We illustrate TQL’s subset of Cypher with several examples: Example 1

MATCH (a:People)-[b:WorksFor]->(c:Companies)
WHERE 100 <= a.person_id AND a.person_id <= 150
RETURN a.name, c.name

In this simple example, we want to match people with an id between 100 and 150 for any company in the graph. We use labels (textual identifier after the “:” on each step) to identify which xGT object to use for that particular graph step. Note that the labels correspond to qualified frame names, that is they include the namespace where the frames reside. We use variables to capture matched information in order to constrain the results a.person_id <= 150, as well as to indicate what values should be inserted into the results table. Cypher graph steps use different syntax ( ) and [ ] for vertices and edges, respectively. Before execution, the query is type checked against the declared xGT objects present in the server. In this case, the xGT server must contain a WorksFor edge frame in the namespace career. This edge frame must connect vertices belonging to the People frame to vertices belonging to the Companies frame.

This particular query example would also be valid in Neo4j’s Cypher, given the existence of appropriate data with the indicated Cypher labels. Example 2

MATCH (a)-[:EdgeFrame]->(b:)-[]->(c:)-[:EdgeFrame]->(a)
WHERE a <> b AND b <> c AND c <> a
RETURN a.unique_id, b.unique_id, c.unique_id

This more complex example finds triangles in the graph. In this case, the frame label for the middle edge step is not given and must be inferred. The return clause indicates that we want the unique_id values (endpoints) of all triangles found in the graph. Note that we check that the identities of the three endpoints are different by requiring that the variables a, b and c are different from each other (without specifying a property). We guarantee that the matched shape is a triangle by specifying a as both the beginning and end of the pattern. Example 3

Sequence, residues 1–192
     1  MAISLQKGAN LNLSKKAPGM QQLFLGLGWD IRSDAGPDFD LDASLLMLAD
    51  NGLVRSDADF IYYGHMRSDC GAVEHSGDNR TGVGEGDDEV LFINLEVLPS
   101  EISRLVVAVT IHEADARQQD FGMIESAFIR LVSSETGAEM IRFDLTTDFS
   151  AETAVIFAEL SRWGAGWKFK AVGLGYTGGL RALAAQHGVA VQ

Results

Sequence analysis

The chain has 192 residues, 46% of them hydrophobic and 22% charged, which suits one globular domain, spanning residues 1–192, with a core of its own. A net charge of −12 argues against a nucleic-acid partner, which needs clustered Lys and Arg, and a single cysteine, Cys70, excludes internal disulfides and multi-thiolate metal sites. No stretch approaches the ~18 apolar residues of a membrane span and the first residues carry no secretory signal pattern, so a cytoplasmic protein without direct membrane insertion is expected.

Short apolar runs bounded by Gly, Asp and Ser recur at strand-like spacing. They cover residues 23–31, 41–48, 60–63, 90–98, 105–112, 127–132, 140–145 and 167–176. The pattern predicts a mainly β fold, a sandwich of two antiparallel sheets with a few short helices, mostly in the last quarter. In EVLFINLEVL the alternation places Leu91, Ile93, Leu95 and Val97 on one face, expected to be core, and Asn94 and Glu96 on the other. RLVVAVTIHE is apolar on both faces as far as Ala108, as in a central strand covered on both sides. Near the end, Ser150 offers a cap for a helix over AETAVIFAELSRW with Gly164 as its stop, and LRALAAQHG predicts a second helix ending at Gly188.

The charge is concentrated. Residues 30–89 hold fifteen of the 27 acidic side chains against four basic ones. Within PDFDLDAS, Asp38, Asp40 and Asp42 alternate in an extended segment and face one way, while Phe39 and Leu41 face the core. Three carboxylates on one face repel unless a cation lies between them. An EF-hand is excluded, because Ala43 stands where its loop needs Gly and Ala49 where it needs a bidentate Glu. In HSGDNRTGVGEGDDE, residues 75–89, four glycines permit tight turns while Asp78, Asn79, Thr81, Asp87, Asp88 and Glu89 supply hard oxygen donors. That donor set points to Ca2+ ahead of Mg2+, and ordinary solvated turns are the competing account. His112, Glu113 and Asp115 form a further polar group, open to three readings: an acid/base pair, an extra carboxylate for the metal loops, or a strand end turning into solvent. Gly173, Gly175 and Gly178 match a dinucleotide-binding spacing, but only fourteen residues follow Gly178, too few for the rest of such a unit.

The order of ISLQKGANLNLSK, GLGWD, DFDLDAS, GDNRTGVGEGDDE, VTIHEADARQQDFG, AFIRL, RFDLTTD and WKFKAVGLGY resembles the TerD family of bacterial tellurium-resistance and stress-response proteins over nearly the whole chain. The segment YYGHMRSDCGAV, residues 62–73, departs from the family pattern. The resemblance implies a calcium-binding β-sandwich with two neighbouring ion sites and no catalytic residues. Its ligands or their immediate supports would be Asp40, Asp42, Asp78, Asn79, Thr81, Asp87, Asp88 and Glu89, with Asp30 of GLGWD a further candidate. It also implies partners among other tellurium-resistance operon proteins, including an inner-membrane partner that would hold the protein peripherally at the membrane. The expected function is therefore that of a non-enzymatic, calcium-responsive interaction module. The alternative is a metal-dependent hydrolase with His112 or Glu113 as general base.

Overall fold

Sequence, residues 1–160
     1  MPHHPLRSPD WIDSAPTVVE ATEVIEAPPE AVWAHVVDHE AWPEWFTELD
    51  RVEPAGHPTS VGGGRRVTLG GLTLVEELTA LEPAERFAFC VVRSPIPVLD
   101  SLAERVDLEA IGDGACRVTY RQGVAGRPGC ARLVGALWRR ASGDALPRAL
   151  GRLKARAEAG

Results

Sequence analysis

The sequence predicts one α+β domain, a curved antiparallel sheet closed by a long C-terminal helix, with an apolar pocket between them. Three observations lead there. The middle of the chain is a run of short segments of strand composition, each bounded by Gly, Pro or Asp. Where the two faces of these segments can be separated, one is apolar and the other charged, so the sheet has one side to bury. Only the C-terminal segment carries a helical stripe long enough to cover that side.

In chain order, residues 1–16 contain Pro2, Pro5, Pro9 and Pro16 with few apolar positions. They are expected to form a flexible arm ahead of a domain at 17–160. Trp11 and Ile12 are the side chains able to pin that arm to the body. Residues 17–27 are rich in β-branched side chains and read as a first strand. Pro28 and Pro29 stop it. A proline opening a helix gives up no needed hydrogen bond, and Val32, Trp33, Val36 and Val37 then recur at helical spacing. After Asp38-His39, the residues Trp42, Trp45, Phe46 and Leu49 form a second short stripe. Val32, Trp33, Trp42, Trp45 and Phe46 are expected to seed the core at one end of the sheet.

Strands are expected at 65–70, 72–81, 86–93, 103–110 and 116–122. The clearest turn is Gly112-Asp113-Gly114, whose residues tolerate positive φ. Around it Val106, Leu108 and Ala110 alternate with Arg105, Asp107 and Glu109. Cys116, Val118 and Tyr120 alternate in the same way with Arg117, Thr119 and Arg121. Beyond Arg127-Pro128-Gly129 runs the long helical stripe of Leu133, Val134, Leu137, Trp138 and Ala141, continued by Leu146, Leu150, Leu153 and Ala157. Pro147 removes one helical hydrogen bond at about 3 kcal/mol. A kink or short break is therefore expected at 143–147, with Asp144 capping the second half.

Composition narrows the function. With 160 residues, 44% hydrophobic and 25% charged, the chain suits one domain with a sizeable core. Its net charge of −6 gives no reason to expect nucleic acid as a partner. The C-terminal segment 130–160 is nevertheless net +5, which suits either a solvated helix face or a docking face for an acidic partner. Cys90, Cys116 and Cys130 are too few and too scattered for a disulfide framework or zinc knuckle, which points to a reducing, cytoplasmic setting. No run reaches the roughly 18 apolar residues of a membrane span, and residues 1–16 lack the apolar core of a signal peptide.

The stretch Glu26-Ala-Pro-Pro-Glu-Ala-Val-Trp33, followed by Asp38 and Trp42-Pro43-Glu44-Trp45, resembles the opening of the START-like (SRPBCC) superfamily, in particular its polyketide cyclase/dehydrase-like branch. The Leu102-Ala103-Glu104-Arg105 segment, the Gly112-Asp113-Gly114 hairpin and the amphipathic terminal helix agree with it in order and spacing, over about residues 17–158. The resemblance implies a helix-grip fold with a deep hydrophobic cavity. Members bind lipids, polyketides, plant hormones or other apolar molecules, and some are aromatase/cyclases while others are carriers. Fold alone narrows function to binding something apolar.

MATCH (source:VertexFrame)-[e:Event]->(target:VertexFrame)
WHERE source.value < target.value
SET e.duration = e.end_time - e.start_time

This example modifies a property in one (or more) matched edges. In this case, the property duration is set to the difference between start and end times on each edge that satisfies the criteria given in the where clause.

Note that the property modification occurs after the matching and recording of the results has happened. Modifications in a query are not readable within that same query, so if a query returns matched values, they will contain values from before the query’s changes. Example 4

MATCH ()-[e:EdgeFrame]->()
WHERE e.sid = 0 AND e.tid = -1
CREATE (v:VertexFrame { id: e.sid+55, data: "test" })

This example creates a new vertex as part of the vertex frame VertexFrame. The CREATE command sets the key property of the vertex (id, in this case) to be equal to a computed value based on the matched edge e. Additionally, the property data is set to a constant string value. As can be noticed, this query has two side effects: returning the matched edge e and also creating a new vertex v in the vertex frame VertexFrame. Note that if this query results in multiple edges being matched for the criteria indicated in the WHERE clause, then there would be an error trying to insert multiple vertices with the same key value. Vertices must be unique for a particular key value. Example 5

MATCH (a:VertexFrame)-[e:EdgeFrame]->(b:VertexFrame)
WHERE e.sid = 0 AND e.tid = -1
CREATE (a)-[new_edge:EdgeFrame { float_count: -0.1, int_count: 0 }]->(b)

In this example, a new edge new_edge is inserted into the edge frame EdgeFrame. Note that the end points (a and b) of the new edge must be matched as part of the query. The CREATE command for an edge can set values for any non-key properties of the edge. The key properties are automatically derived from the key values of the two vertex end points. Note that in contrast to vertices, multiple edges with identical key values are allowed in xGT. Example 6

MATCH (a:VertexFrame)
WHERE a.id = 0
MERGE (b:VertexFrame { id: -1, data: "negative_vertex" })
CREATE (a)-[new_edge:EdgeFrame { float_count: -0.1, int_count: 0 }]->(b)